I. Nelson Rose
There ought to be a law prohibiting anyone from writing a book about gambling who does not know how to make a bet. (There also ought to be a law against writing books if you can't write, but that is a different subject.)
Gambling has been at the heart of many stories. The best, inevitably, are by writers who know gamblers, because they are gamblers themselves.
Among the first, and most famous, is Fyodor Dostoevsky’s The Gambler. The story centers on a game, roulette, and is written in a style that are out-molded today. But reading it we know that Dostoevsky was a gambler, and probably a compulsive one.
The best recent book involving gambling is James McManus’ Positively Fifth Street. McManus is not only a brilliant poker player and writer, he is a gambler. He took his entire advance for a magazine article he was to write on the 2000 World Series of Poker and the Ted Binion murder trial, and used it to enter the WSOP himself. He won $247,760, finishing fifth. A real-world ending that an editor would say is as unbelievable as naming a winning poker player Moneymaker.
Which brings us to the most recent book revolving around gambling, Lottery by Patricia Wood. If you haven’t heard about this yet, you will. And later, if you’re male, you’ll be dragged into seeing the movie.
Wood is good when she writes about what she knows: the mentally disabled, sailboats and winning a state lottery (her father won one). She writes like the beginning author (she thanks the Maui Writers Retreat) she is about everything else.
Wood does a good job of giving voice to Perry L. Crandall, I.Q. of 76. Most of the rest of her characters cannot even be described as two-dimensional. Perry’s relatives are all evil, greedy lawyers and MBAs. His best friend is an alcoholic Vietnam vet, who, despite farting and swearing and having to be over 60, becomes the love interest of Cherry, a 17-year-old tattooed cashier. Woods even has a character named Mike Dinelli, who says things like, “If this doesn’t work out you are going to have much more to worry about than each other. Capisce?”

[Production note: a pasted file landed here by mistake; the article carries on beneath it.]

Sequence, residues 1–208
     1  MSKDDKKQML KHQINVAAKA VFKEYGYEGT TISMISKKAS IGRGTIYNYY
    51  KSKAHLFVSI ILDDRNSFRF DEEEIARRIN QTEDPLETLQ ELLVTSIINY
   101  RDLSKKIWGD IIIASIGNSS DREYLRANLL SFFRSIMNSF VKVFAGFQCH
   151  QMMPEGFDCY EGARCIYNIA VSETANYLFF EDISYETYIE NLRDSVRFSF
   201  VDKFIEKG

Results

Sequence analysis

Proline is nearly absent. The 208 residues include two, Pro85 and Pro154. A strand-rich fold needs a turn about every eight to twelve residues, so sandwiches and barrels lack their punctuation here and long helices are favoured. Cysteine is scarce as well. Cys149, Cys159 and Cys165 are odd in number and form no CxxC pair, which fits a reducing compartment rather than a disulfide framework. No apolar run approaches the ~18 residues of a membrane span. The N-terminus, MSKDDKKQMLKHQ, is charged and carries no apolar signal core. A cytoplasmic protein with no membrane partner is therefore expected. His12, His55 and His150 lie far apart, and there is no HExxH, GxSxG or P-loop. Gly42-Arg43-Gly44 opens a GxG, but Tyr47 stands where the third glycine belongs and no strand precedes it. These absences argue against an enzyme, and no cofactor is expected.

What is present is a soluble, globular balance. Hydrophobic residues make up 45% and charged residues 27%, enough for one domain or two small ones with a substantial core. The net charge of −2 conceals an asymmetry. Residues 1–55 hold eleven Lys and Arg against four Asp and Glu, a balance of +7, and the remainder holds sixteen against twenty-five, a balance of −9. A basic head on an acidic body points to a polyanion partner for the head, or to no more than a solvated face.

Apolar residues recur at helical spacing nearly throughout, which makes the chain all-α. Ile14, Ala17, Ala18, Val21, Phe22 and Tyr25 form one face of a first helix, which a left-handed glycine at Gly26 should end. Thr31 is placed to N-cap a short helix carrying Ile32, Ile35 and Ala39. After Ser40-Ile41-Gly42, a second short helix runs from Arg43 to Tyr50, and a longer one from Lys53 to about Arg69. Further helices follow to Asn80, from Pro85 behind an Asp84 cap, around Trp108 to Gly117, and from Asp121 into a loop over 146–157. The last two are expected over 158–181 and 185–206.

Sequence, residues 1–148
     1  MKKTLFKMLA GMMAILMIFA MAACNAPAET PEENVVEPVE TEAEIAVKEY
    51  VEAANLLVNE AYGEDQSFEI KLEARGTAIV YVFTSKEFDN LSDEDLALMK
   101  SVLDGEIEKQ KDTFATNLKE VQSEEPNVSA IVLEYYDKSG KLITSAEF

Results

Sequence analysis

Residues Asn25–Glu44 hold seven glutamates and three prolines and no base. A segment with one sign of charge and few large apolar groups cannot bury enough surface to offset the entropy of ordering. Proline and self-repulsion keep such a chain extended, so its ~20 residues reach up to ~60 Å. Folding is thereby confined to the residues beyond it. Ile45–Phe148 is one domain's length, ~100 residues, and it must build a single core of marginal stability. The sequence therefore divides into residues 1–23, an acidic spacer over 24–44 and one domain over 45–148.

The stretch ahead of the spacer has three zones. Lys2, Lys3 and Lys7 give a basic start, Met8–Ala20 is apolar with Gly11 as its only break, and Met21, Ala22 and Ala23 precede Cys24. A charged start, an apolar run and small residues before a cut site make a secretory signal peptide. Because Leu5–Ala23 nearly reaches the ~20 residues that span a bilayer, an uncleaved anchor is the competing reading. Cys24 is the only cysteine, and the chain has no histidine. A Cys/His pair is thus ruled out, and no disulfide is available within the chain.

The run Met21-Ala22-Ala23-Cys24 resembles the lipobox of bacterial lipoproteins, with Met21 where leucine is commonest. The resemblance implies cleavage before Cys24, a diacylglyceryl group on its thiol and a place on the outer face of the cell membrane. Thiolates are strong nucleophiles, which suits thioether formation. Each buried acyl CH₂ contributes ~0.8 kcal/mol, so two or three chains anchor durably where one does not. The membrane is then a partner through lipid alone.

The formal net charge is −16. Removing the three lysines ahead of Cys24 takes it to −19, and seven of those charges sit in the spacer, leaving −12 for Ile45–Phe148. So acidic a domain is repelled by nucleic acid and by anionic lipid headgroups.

Perry wins the state lottery, so his evil family tries to get his money.
But clearly Wood never bought a lottery ticket herself.
If someone has just won $12 million, what would you want to know? How’s he going to spend it, of course. But lottery players want to know how many tickets did he buy? How did he choose the numbers? How often did he play? What was the game?
Wood isn’t interested in any of that. She is writing a chick-flick.
I like romantic comedies. But they have to be internally consistent.
We can forgive Wood solving a romantic triangle with the deux ex machina of a convenient fatal auto accident. And it’s O.K., barely, that Perry is a marketing genius.
But, having resolved the fight over the money, Wood, for no reason, reintroduces it. Then, she has Perry give it all to his family, after he describes them as jackals. His reason? “People should get what they want,” and it will stop his family from pestering him. But after one brother embezzles it all, Perry’s mother pesters him for more, and Perry has no trouble telling her no.
The ending is so ridiculous, it ruins the book. So, my recommendation is stop about half way and make up your own ending. Whatever you think up would be more realistic than giving away $12 million to a bunch of jackals.
© Copyright 2009. Professor I Nelson Rose is recognized as one of the world’s leading experts on gambling law and is a consultant and expert witness for players, governments and industry. His latest books, INTERNET GAMING LAW and GAMING LAW: CASES AND MATERIALS, are available through his website, www.GAMBLINGANDTHELAW.com.